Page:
The claim:

“Since the government came into office, there has been a relentless and unprecedented assault on teachers’ pay and conditions of service.”
Chris Keates, general secretary, NASUWT teachers’ union                                                                       

 The background:

Teaching unions have thrown down the gauntlet to their bosses by threatening to walkout of classrooms this autumn.

The NUT and the NASUWT, who between them represent 85 per cent of teachers in England and Wales, say they will ballot members over “sustained attacks on working conditions, pensions, pay, conditions of service and the threat to jobs”.

They say the attacks on them are “unprecedented”, but opponents say they’re sacrificing children’s education for their own “vested interests”.

Yet it was only in the 1980s that one union was holding rolling three day strikes, another was holding half-day strikes. It got so heated that a special cabinet commitee was set up to deal with the issue.

FactCheck looks at whether things now are worse, as the unions claim.

The analysis:

For unions, the problem seems to be that they’re at the centre of a perfect storm.

A government proposal to the School Teachers’ Review Body suggested earlier this month that pay could be set at a local rather than a national level, and would be more strongly linked to performance.

Under changes to public sector pensions expected to take place from April 2015, the government has also said that it wants teachers to accept a pension scheme based on a career average. They want pensions to be set with a lower accrual rate per year, and for teachers to take the state pension age. They also want them to pay higher contributions – an increase of 3.2 percentage points.

This is all in the midst of a two-year pay freeze, plus new types of schools including academy schools and free schools, which, unions say, are disrupting the classic model of the state-led education sector. And a rise in “no-notice” inspections, which teachers say add to their workload.

One union member told FactCheck:”What we’re seeing now is that the pressure has been ramped up – people’s pay conditions and service and pensions and job security are all being hit. It’s the most challenging set of circumstances I’ve ever experienced, and I’ve been in the industry since 1975.”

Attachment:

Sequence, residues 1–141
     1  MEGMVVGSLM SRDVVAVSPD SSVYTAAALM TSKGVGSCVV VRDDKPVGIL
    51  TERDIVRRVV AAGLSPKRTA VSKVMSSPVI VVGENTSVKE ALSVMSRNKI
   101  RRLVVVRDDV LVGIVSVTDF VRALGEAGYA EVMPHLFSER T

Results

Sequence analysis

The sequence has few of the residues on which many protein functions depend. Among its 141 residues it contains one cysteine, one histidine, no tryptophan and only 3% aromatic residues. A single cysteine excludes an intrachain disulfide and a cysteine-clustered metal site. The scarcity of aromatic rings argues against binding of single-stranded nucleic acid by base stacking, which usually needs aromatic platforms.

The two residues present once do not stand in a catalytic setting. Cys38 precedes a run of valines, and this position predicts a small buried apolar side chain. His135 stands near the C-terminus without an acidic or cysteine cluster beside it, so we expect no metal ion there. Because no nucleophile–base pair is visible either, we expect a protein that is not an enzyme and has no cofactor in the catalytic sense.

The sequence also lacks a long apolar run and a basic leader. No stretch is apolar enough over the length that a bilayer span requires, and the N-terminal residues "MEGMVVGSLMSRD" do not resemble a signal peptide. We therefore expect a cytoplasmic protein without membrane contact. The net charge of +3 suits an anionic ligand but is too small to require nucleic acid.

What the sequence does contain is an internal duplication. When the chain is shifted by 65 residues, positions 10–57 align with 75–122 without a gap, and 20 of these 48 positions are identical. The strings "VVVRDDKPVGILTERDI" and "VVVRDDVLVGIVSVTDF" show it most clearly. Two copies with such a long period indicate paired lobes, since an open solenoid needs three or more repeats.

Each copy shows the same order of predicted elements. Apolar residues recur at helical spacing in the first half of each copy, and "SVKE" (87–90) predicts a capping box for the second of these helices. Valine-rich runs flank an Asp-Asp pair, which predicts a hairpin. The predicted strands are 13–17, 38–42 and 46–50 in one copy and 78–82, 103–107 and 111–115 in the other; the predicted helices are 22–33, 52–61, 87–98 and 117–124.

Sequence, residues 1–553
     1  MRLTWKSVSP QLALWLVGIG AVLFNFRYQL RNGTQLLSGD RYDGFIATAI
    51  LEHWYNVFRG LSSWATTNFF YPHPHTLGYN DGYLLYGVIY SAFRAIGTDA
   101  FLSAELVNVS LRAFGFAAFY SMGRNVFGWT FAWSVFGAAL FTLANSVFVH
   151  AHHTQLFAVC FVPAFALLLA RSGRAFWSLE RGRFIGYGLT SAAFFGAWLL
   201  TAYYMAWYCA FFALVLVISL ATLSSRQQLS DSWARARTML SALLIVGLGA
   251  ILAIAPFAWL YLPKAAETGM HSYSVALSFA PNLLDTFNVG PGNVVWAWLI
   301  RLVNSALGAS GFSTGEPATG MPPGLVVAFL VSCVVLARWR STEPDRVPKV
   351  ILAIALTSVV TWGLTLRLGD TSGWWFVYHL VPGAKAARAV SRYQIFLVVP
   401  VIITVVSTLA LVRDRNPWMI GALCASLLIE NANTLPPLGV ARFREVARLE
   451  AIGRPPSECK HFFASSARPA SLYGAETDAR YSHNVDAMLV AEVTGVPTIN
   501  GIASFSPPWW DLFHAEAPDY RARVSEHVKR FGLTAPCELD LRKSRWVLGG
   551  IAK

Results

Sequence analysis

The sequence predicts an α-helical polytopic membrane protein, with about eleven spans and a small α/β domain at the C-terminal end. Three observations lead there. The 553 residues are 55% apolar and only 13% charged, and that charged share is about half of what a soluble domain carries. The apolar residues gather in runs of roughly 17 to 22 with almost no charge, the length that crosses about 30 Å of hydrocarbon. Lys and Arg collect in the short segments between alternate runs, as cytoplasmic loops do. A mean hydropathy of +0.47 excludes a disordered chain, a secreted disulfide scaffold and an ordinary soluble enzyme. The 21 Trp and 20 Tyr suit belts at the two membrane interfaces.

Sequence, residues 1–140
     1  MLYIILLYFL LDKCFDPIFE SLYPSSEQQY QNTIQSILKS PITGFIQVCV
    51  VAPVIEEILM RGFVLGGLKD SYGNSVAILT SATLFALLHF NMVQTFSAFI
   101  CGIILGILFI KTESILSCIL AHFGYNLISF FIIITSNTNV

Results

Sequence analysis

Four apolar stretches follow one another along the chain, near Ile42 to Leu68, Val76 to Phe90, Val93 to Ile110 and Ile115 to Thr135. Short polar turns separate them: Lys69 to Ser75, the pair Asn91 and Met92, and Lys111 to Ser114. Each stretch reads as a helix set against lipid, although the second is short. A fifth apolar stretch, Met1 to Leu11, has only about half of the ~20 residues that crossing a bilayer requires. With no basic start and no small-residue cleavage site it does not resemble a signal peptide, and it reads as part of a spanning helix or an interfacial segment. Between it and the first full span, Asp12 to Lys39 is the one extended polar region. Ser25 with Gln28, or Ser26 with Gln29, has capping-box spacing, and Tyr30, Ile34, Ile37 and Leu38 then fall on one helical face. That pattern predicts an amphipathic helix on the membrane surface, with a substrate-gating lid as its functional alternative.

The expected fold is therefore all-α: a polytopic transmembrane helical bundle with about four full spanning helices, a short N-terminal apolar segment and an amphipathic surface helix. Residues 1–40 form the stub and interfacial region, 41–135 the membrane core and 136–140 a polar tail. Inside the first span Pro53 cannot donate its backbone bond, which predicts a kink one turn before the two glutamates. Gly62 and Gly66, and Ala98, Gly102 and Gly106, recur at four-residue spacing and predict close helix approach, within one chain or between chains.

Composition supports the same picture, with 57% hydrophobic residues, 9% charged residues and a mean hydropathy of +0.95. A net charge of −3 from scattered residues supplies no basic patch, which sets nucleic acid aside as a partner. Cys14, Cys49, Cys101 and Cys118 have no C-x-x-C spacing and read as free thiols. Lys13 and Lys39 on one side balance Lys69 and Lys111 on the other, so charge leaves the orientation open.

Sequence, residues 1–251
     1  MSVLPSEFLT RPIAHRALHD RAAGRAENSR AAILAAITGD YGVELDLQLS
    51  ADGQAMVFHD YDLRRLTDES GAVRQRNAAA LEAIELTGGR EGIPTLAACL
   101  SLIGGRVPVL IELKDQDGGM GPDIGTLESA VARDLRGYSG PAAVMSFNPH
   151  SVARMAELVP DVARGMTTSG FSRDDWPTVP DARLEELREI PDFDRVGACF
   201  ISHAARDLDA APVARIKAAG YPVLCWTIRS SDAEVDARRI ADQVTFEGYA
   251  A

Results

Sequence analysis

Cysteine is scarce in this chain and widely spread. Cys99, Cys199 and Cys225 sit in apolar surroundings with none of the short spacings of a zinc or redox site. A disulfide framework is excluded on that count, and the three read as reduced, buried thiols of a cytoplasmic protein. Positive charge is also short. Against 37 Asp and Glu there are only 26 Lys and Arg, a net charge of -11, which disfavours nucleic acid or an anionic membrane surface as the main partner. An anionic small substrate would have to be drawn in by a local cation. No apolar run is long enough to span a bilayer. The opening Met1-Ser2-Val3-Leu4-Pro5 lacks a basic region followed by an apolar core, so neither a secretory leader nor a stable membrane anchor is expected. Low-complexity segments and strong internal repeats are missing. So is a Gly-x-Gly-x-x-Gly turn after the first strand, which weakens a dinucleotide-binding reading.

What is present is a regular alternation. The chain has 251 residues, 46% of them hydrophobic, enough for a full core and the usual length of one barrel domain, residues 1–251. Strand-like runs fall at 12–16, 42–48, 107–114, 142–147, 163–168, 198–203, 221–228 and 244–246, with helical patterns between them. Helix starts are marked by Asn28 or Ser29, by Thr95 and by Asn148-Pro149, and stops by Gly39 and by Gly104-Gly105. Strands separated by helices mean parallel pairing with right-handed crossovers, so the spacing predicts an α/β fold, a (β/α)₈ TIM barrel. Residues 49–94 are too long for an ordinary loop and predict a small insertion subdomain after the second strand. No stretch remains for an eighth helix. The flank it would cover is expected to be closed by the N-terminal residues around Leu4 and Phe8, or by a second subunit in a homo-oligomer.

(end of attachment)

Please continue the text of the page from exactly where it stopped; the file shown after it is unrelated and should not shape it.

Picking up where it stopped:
Starting salaries for teachers have been consistently lower than for graduates starting in other professions. A teacher starting at their first school in 1979 was on £3,231, according to research from the House of Commons. The average graduate in that year would have started on £3,970. By 2008, teachers would, on average, start on £20,133. Graduates would start at £24,500.

But from 1997 to 2008, salaries for teachers increased in real terms from 51 per cent per cent, compared with public sector workers who saw wages rise by 20.6 per cent.

Private sector workers saw wages rise by 9.8 per cent in the same period.

Unions say that teachers’ pay rises were boosted because the profession was struggling to attract graduates into the profession. Wages were so low, they say, that former education secretary, David Blunkett, raised them as an incentive.

Now the government says that teachers, along with other public sector workers, must foot the bills which will crop up due to greater life expectancy and the national debt which, ministers say, makes the current pension bill unsustainable.

The verdict:

FactCheck can’t really say whether the unions’ claim that the assault on them is “unprecedented” stands up or not – because many of the reforms haven’t actually taken place yet.

Although the government wants to change the way pay is set, the strife of the 1980s was caused by a similar measure. Margaret Thatcher got rid of the Burnham Committee – which involved unions, local authorities and observers from the department for education – and gave power to set pay to the secretary of state for education.

But all public sector workers are facing vast changes to their pensions and working conditions, so it’s not really that teachers are being singled out. Some public sector workers would argue teachers should be asked to retire at the same age that they do.

Likewise, much of the current problem appears to have been building up for some time – inspections and targets are nothing new.

It’s come at a difficult time for the unions, with everything combined, and now they fear that for the first time in around 100 years, pay will be taken out of state control altogether.

They also fear that teachers in different authorities would get paid vastly different amounts for the same job.

That may well change things for generations to come, meaning the jury as to whether this “assault” really is “unprecedented” is still out.